The international financial environment is more interconnected than ever, with the effects of unstable or inconsistent monetary policies being felt far beyond a single organization. In today’s globalized economy, policy and operational problems in one country’s financial organizations can have severe economic consequences across the world.
As these ripple effects become more and more noticeable, the ability to critically analyze and improve processes across an organization is an increasingly valuable career skill. While management techniques like Lean Six Sigma (LSS) have roots in manufacturing, there are numerous applications for LSS in finance and accounting that can help to correct operational inefficiencies and minimize risk across an organization.
Benefits of Six Sigma in Finance and Accounting
Applying the principles of Lean Six Sigma in finance and accounting can create competitive advantages for organizations in nearly every industry.
The case studies highlighted below offer a detailed look into how these methodologies and tools can be used to do more than streamline operations—they can also improve organization-wide culture.
Examples of Six Sigma in Finance and Accounting
Lean Six Sigma allows for more focused and efficient operations in departments that are not entirely focused on manufacturing. One particular case study that focused on billing reconciliation found that billing errors resulted in customer accounts being charged less than the amount due approximately 60% of the time. After implementing LSS, however, the organization nearly eliminated this issue completely.
One of the strengths of LSS is that it uses quantitative methods to identify key points of impact (KPI). Once efficiency issues within these KPIs have been identified, LSS can be used to discreetly and specifically tackle those problems.
One of the essential tools in LSS for identifying KPIs and any associated issues is the process map. By defining the boundaries and needs of the current process, professionals can identify issues with existing procedures and use these findings to improve them or remove processes that aren’t generating value.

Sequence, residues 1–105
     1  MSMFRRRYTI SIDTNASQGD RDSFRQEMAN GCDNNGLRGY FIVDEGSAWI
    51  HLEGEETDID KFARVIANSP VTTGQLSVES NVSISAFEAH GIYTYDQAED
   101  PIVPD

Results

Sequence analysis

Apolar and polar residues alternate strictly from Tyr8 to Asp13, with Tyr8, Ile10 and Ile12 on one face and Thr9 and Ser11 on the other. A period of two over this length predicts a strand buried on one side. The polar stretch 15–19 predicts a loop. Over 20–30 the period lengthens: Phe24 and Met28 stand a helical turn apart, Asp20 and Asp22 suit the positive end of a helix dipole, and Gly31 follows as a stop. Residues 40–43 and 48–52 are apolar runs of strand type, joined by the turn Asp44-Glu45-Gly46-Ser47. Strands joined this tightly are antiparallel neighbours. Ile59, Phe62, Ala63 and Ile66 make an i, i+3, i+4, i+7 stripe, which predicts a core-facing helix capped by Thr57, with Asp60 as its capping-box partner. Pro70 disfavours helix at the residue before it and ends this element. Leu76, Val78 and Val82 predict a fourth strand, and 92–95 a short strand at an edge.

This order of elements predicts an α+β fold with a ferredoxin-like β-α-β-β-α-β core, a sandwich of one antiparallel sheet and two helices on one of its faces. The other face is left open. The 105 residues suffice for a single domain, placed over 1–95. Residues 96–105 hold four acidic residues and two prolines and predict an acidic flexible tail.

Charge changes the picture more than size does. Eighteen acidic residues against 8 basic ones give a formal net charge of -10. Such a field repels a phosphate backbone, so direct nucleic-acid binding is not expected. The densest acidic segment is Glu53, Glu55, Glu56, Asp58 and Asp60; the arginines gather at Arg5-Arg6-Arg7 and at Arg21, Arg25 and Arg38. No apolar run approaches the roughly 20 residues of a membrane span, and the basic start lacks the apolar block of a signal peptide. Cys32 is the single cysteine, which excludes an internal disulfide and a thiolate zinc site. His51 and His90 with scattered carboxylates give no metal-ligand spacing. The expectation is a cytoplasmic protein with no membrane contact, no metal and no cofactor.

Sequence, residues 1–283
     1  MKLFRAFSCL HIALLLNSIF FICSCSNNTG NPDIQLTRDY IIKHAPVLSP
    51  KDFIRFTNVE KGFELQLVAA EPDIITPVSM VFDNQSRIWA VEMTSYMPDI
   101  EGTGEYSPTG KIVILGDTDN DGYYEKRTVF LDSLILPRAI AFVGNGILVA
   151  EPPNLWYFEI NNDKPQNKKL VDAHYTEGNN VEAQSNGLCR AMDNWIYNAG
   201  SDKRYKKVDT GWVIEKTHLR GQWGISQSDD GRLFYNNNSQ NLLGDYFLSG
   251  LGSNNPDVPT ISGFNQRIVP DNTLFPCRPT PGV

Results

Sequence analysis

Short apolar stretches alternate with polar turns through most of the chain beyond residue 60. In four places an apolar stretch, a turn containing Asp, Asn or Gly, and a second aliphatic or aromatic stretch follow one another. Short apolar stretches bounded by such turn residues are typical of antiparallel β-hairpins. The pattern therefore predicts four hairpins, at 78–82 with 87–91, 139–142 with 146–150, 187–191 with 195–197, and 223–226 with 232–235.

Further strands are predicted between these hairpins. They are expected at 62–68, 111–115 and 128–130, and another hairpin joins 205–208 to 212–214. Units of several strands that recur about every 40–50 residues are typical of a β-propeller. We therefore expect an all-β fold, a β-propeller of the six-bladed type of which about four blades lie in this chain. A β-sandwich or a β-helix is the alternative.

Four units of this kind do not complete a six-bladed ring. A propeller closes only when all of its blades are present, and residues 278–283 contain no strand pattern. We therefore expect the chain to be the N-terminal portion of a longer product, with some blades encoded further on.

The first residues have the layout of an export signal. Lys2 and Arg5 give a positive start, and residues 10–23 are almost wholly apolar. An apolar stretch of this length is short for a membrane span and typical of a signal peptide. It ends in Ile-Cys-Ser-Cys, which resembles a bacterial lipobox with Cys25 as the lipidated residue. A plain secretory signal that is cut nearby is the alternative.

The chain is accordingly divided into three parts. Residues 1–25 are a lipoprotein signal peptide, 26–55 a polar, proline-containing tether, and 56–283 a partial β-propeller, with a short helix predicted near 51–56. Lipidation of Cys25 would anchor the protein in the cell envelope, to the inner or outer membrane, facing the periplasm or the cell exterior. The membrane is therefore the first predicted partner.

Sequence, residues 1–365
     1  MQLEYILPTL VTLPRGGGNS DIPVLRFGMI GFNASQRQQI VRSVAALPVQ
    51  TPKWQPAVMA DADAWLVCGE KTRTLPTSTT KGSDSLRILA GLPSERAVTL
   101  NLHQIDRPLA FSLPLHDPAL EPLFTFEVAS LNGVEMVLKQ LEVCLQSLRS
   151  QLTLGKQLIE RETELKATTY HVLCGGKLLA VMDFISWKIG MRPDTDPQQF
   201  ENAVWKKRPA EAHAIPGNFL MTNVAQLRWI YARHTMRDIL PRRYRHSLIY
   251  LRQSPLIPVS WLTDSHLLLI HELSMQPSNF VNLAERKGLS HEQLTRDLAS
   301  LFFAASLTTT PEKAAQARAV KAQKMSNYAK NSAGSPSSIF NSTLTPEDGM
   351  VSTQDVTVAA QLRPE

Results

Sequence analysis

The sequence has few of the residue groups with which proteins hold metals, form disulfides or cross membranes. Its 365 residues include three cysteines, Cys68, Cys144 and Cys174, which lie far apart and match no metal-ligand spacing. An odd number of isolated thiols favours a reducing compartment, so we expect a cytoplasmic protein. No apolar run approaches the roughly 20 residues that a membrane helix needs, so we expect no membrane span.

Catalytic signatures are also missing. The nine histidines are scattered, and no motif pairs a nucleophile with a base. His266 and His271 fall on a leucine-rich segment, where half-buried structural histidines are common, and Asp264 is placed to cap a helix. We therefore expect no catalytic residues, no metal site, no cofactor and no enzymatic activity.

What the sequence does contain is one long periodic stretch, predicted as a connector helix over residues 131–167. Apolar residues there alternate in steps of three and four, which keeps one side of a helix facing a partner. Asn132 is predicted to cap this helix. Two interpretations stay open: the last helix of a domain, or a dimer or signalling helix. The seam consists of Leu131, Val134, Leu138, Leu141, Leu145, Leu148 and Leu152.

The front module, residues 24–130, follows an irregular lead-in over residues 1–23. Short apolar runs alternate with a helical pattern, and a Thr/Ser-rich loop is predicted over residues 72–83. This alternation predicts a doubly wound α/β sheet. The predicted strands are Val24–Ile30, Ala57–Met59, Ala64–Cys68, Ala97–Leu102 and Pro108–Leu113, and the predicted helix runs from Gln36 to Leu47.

This is a key element of LSS and is referred to as the “DMAIC” or Define, Measure, Analyze, Improve, Control methodology. Pairing DMAIC with these LSS strategies offers a powerful way to objectively analyze and improve operations within an organization.
When applying Lean Six Sigma in accounting, for example, the Accounts Payable department is a key area of opportunity. Imagine a company needs to process a higher volume of invoices. They can use LSS to define the guidelines for successfully processing a completed invoice, measure the current success rate based on those guidelines and analyze the data gathered to identify where and how waste is occuring. The results may show that while the invoices are completed in a timely manner, the wait time for managers to approve payments is too long. Once a bottleneck has been identified, the approval process can be improved to control the future success of the process.
For a similar application of Lean Six Sigma in finance, the processes associated with loans are key opportunities. For example, a bank that wants to streamline its credit processing operations can start by tracking every loan it processes for three months. The important factors to consider for this exercise are the time and effort required to fully process credit.